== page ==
The sentiments so expressed align perfectly with the constitutional obligation of the NPA to act without fear, favour or prejudice.
A year has elapsed since the NDPP asked the ID to look into allegations of corruption against former National Commissioner of Police, now Minister of Police Bheki Cele. During that year we have fed the ID with the Moloi Board of Inquiry report which found Cele to be incompetent and dishonest. We have also referred the ID to the reports of the OPP called “Against the Rules” and “Against the Rules Too” in which the irregularities in the SAPS HQ leases are traversed. We have not been asked for further information. Indeed, we have never had any report on progress from the ID on any matter we have referred to the ID. Only an irritable buck-pass to the SCCU in the Seth Nthai case, which also appears to be becalmed, and complete silence on prosecuting Jacob Zuma for decapitating the NPA by sidelining Mxolisi Nxasana, a complaint that dates back to 2015.
The Justice Portfolio Committee has been asked to look into the long delays, but it has other fish to fry in 2021.
Please be so good as to furnish a report on progress in all three matters alluded to above. It could save the NPA a lot of trouble in the future.
Yours in accountability…
The prosecution of Seth Nthai is, at long last, under way after the Supreme Court of Appeal expressed surprise at the failure of the NPA to prosecute him for soliciting a bribe. In the Nxasana matter, an offer of the services of senior counsel at discounted rates to run the proposed trial against Zuma has been met with stony silence from the NPA.
Read in Daily Maverick: “It’s not ‘now or never’ for the NPA; it’s never ever”
Cele lives a life of impunity. He hankers after his role as chief of police, likes being called general, often wears military-style regalia and ignores the National Development Plan and Marikana Commission recommendations that the police be urgently demilitarised. He does so despite the acceptance by the government of both sets of recommendations. He is notorious for going to war with senior members of police management.
No word on NPA probe
There has been no known progress on the NPA’s investigation of the alleged or suspected criminality and corruption of Cele, nor has Cronjé or her successor, Andrea Johnson, ever responded to any inquiry, along the lines of that quoted above, made in relation to progress in the matter.
The expert evidence presented to court in Glenister II and obtained from Gareth Newham of the Institute for Security Studies (ISS) as well as Professor Gavin Woods of Stellenbosch University, has been made available to Cronjé by Accountability Now. The evidence is in part relevant to the investigation of Cele.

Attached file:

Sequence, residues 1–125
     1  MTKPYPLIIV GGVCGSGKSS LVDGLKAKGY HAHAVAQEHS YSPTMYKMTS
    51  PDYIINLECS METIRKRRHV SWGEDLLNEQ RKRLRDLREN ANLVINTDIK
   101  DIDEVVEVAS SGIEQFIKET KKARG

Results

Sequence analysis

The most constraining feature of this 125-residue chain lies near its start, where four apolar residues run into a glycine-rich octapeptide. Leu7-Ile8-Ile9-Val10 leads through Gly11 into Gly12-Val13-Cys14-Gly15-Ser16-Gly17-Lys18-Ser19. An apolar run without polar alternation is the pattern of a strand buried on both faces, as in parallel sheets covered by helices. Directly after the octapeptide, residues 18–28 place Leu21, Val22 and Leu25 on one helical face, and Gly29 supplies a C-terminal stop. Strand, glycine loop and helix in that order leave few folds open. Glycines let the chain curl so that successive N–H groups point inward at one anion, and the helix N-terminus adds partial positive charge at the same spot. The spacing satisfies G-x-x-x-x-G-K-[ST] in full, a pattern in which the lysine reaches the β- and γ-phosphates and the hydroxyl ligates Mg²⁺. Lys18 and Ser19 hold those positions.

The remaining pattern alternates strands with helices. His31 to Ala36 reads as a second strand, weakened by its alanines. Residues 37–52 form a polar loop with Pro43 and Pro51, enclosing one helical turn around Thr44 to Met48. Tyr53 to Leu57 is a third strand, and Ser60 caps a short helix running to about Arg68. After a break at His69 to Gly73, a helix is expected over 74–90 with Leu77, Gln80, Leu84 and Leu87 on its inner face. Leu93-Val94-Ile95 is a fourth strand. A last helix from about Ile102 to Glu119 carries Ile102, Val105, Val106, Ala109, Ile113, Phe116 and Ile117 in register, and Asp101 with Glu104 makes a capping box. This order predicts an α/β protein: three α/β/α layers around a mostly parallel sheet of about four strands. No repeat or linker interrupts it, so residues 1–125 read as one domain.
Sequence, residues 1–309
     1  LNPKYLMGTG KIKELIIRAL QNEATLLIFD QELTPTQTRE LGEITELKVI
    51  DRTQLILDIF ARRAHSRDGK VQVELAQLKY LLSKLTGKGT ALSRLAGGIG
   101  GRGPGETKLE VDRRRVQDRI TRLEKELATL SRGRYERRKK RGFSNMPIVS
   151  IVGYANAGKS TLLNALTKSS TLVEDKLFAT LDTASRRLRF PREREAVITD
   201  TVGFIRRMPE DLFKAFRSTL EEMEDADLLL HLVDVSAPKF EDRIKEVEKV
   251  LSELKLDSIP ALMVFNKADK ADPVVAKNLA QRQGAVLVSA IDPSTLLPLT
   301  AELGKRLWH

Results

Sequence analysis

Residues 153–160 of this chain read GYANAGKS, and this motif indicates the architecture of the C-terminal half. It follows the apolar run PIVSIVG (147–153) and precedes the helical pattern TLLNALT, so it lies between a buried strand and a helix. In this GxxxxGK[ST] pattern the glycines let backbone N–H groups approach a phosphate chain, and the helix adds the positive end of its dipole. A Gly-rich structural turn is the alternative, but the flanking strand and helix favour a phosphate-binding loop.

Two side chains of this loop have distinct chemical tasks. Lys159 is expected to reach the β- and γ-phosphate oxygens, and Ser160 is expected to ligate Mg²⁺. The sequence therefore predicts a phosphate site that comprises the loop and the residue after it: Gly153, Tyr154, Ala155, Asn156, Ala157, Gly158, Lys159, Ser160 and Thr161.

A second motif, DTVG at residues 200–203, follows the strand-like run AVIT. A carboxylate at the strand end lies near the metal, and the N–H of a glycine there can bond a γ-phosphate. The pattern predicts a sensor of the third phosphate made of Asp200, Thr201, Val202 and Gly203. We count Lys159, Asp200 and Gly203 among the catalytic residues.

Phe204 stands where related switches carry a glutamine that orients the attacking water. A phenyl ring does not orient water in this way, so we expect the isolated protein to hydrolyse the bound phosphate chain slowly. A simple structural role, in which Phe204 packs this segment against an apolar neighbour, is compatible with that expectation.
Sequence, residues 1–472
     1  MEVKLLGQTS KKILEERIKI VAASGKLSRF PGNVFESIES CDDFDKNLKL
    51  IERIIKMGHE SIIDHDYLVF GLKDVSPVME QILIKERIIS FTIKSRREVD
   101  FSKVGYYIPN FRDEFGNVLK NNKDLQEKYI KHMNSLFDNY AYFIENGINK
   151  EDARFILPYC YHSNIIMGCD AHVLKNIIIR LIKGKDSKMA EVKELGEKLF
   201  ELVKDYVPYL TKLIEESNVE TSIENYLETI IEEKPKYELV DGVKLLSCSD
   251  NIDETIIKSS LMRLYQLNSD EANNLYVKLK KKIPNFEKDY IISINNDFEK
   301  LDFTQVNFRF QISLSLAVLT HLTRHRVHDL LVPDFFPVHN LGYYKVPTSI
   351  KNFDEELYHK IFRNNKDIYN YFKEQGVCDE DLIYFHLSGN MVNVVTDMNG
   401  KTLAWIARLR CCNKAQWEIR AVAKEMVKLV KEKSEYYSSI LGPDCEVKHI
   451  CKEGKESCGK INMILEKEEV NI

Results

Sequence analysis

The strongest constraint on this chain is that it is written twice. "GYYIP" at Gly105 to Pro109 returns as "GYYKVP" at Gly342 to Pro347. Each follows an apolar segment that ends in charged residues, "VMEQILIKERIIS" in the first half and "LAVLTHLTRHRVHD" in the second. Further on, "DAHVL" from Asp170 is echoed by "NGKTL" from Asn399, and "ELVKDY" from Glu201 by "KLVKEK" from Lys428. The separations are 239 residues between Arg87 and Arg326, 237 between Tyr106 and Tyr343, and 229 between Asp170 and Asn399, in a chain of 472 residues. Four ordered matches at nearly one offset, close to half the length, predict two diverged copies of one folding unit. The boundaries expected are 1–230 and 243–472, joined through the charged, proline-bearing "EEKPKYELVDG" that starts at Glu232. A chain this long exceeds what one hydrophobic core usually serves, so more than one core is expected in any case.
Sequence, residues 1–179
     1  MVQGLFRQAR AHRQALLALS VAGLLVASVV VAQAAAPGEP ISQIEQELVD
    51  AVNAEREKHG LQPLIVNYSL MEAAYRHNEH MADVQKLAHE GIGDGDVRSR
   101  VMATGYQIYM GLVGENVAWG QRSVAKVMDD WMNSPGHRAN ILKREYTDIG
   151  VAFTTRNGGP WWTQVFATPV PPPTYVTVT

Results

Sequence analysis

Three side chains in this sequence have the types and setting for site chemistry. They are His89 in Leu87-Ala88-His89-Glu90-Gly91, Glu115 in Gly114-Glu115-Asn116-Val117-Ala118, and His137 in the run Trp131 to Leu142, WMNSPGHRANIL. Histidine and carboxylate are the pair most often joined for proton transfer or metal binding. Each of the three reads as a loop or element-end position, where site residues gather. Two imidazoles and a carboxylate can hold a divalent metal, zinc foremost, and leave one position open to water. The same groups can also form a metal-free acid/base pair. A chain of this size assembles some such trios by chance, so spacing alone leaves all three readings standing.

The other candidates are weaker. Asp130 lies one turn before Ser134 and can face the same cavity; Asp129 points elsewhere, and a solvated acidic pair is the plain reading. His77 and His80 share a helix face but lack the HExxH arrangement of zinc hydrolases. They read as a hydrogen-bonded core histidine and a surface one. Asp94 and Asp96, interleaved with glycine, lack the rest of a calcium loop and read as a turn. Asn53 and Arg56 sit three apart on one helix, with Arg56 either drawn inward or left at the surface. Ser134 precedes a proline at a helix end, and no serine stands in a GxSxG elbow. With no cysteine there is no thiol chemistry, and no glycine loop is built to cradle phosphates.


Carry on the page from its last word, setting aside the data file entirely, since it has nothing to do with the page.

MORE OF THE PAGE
The preceding paragraphs of this article were made available to the Deputy National Director of Public Prosecutions, Advocate Anton du Plessis, who is tasked with NPA Operations, Strategy and Compliance, in advance of publication. His prompt reply consisted of a referral of the matter to the spokesperson of the NPA, Mthunzi Mhaga. His email pointed out in edifying terms that:
“Kindly note that we have previously written to the previous head of the ID requesting progress reports on the matter without no success. (sic)
“We have however escalated matter to the current ID for a progress report. She will communicate with you accordingly.
“Please accept our apology with the delay in attending to the matter.”
And there the matter rests and has rested since Monday, 11 February 2022.
It is not without significance that top policewoman Francinah Vuma has taken her problems with Cele to the media. Cele appears, according to her, to still favour certain companies as preferred recipients of the largesse of police procurement. This attitude is in direct contravention of the Public Finance Management Act and the provisions of section 217 of the Constitution. It involves the same mischief as was identified by the OPP and the Moloi Inquiry in relation to the police headquarters leases negotiated with Roux Shabangu.
Action Society, whose Ian Cameron was on the receiving end of the Cele tirade and was forcibly ejected from the public meeting by Cele’s police, has laid criminal charges. Here’s hoping that those charges are dealt with diligently and without delay, and not in the manner the ID has dealt, since 2020, with the more serious matters against Cele arising from the investigations of the OPP and the Moloi Board of Inquiry.
Should Advocate Johnson respond, her reply will be added to this article.
- Paul Hoffman, SC, is a director of Accountability Now.
- DA launches #CeleMustGo petition
- No more NPA tinkering – Paul Hoffman
- Meet Ian Cameron, the man who wouldn’t cower to Bheki Cele